If you’re going to argue that graduated taxes “punish success” then by that logic we should increase taxes on the poor to incentivize them moving up into the ranks of the wealthy (except of course that would prevent them from ever getting ahead.) Similarly you should argue that the inheritance tax should be close to 100%, since A.) it’s hard to argue you actually “earned” that money simply by being a blood relative, and B.) being born into wealth provides no incentive that you ever work a day in your life.

So, rather than debating what’s “fair”, how about we figure out how to make life better for the most people. We all have something to gain by decreasing suffering and struggle in this world.


You misunderstand the nature of money and spending. First off, most people do not fritter away money they could be investing on “leisure and trifles and appetites”. Nor Alaskan cruises. In addition, every penny they spend – on whatever product or service – provides employment and sales tax. Money spent is money invested in our economy. Consumers are the real job providers.

Meanwhile, the money they spend is post-income-tax…does this mean whoever receives their payment can pay a lower tax rate on it, because those dollars have already been through the tax system? Nope: every time money changes hands, tax is collected. Investors shouldn’t be exempt from that rule.


How about ‘from each according to his ability, to each according to his need’.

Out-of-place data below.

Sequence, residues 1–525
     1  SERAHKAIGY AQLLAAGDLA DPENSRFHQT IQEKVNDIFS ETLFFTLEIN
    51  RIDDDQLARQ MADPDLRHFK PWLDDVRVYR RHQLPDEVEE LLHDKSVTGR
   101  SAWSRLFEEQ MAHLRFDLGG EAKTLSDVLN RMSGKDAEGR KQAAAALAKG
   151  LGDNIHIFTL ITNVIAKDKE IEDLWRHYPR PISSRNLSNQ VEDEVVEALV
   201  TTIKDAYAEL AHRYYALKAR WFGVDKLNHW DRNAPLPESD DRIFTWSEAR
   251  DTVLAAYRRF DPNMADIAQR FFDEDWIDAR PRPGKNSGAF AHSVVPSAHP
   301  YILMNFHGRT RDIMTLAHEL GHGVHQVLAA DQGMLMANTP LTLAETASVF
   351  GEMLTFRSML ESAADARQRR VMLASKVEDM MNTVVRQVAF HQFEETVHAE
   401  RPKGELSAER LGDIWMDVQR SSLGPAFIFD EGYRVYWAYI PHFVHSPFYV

What the fuck are we gonna do about it?

I say it’s about time those of us with a clue seize some goddamn agency.

Sovereignty, now.


Tax exemption? I was taxed, and in fact I was hit with the Alternative Minimum Income Tax, and ended up paying more taxes than I would have otherwise paid.

Please keep in mind that I’m not saying capital gains shouldn’t be taxed: I’m taking exception to the assertion that capital gains are “making money off of money.” The reality is much messier, but with the simplification like this we’ll never have the public discussion that we need.

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I would not only like to lend my endorsement to this, but also point out that the eminent Mr Holtz pretty much wants to create a device to facilitate the punching of people over the internet, which, as I’m sure you will all agree, is a laudable goal, your personal politics notwithstanding…

Out of curiosity - source on the 23.5% rate for the top 1%; was that just income tax? Or did that include sales tax and property tax? Was that just for the U.S.? All states? And top 1% by income or by net worth?

Mittens belief is so strong in [TeaBilly/GOP’s WILL] that he’ll have your son or daughter [you people] go to fight in another GOP made up war [WMD’s] to make it real.

Meanwhile, his children will be jet-skiing, encouraging their mom’s horse dressage, and reminding us of how patriotic their never worn a uniform dad [5 deferments from Vietnam] really will be for America.

Mittens dissociation from Global reality is really quite pronounced, he is not living in our world, nor encountering the challenges we face in the [you people] America.

& I can’t believe we are still talking about him. He’s not coming back.